Usually destroyed and then usually rebuilt, in order, of course, to be destroyed again and then rebuilt, da capo ad infinitum. That vocalized tic had compressed all history into a four-syllabled word. Listening to our young friend, as we wandered through the brown, dry squalor of the Holy City, I felt myself overwhelmed, not by the mere thought of man's enduring misery, but by an obscure, immediate sense of it, an organic realization. These pullulations among ruins and in the dark of what once were sepulchers; these hordes of sickly children; these galled asses and the human beasts of burden bent under enormous loads; these mortal enemies beyond the dividing wall; these priest-conducted groups of pilgrims befuddling themselves with the vain repetitions, against which the founder of their religion had gone out of his way to warn them - they were dateless, without an epoch. In this costume or that, under one master or another, praying to whichever God was temporarily in charge, they had been here from the beginning. Had been here with the Egyptians, been here with Joshua, been here when Solomon in all his glory ordered his slaves in all their misery to build the temple, which Nebuchadnezzar had usually demolished and Zedekiah, just as usually, had put together again. Had been here during the long pointless wars between the two kingdoms, and at the next destruction under Ptolemy, the next but one under Antiochus and the next rebuilding under Herod and the biggest, best destruction of all by Titus. Had been here when Hadrian abolished Jerusalem and built a brand-new Roman city, complete with baths and a theater, with a temple of Jupiter, and a temple of Venus, to take its place. Had been here when the insurrection of Bar Cocheba was drowned in blood. Had been here while the Roman Empire declined and turned Christian, when Chosroes the Second destroyed the churches and when the Caliph Omar brought Islam and, most unusually, destroyed nothing. Had been here to meet the Crusaders and then to wave them good-by, to welcome the Turks and then to watch them retreat before Allenby. Had been here under the Mandate and through the troubles of '48, and were here now and would be here, no doubt, in the same brown squalor, alternately building and destroying, killing and being killed, indefinitely.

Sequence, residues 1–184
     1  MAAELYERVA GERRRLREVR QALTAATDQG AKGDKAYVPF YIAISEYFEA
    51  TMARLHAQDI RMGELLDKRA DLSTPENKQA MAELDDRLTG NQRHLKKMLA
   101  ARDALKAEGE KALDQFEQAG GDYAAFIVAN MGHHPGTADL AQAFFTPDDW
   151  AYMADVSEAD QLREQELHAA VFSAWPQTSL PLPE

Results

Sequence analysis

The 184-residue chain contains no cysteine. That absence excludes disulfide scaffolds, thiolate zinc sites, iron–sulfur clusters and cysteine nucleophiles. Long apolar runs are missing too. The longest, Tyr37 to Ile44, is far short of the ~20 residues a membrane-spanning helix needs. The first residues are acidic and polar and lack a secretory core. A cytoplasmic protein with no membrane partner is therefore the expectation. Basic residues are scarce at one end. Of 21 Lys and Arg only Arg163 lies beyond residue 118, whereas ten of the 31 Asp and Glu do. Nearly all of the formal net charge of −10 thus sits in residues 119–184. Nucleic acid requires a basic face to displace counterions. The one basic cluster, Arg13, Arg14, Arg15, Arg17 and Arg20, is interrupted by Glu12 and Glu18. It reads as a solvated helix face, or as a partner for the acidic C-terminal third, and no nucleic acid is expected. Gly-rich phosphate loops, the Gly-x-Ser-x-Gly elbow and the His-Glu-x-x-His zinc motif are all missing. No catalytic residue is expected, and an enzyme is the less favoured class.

"I do not think," Lord Russell has recently written, "that the sum of human misery has ever in the past been so great as it has been in the last twenty-five years." One is inclined to agree. Or are we, on second thoughts, merely flattering ourselves? At most periods of history moralists have liked to boast that theirs was the most iniquitous generation since the time of Cain - the most iniquitous and therefore, since God is just, the most grievously afflicted. Today, for example, we think of the thirteenth century as one of the supremely creative periods of human history. But the men who were actually contemporary with the cathedrals and Scholastic Philosophy regarded their age as hopelessly degenerate, uniquely bad and condignly punished. Were they right, or are we? The answer, I suspect is: Both. Too much evil and too much suffering can make it impossible for men to be creative; but within very wide limits greatness is perfectly compatible with organized insanity, sanctioned crime and intense, chronic unhappiness for the majority. Every one of the great religions preaches a mixture of profound pessimism and the most extravagant optimism. "I show you sorrow," says the Buddha, pointing to man in his ordinary unregenerate condition. And in the same context Christian theologians speak of the Fall, of Original Sin, of the Vale of Tears, while Hindus refer to the workings of man's home-made destiny, his evil karma. But over against the sorrow, the tears, the self-generated, self-inflicted disasters, what superhuman prospects! If he so wishes, the Hindu affirms, a man can realize his identity with Brahman, the Ground of all being; if he so wishes, says the Christian, he can be filled with God; if he so wishes, says the Buddhist, he can live in a transfigured world where nirvana and samsara, the eternal and the temporal, are one. But, alas - and from optimism based on the experience of the few, the saints and sages return to the pessimism forced upon them by their observation of the many - the gate is narrow, the threshold high, few are chosen because few choose to be chosen. In practice man usually destroys himself - but has done so up till now a little less thoroughly than he has built himself up. In spite of everything, we are still here. The spirit of destruction has been willing enough, but for most of historical time its technological flesh has been weak. The Mongols had only horses as transport, only bows and spears and butchers' knives for weapons; if they had possessed our machinery, they could have depopulated the planet. As it was, they had to be content with small triumphs - the slaughter of only a few millions, the stamping out of civilization only in Western Asia.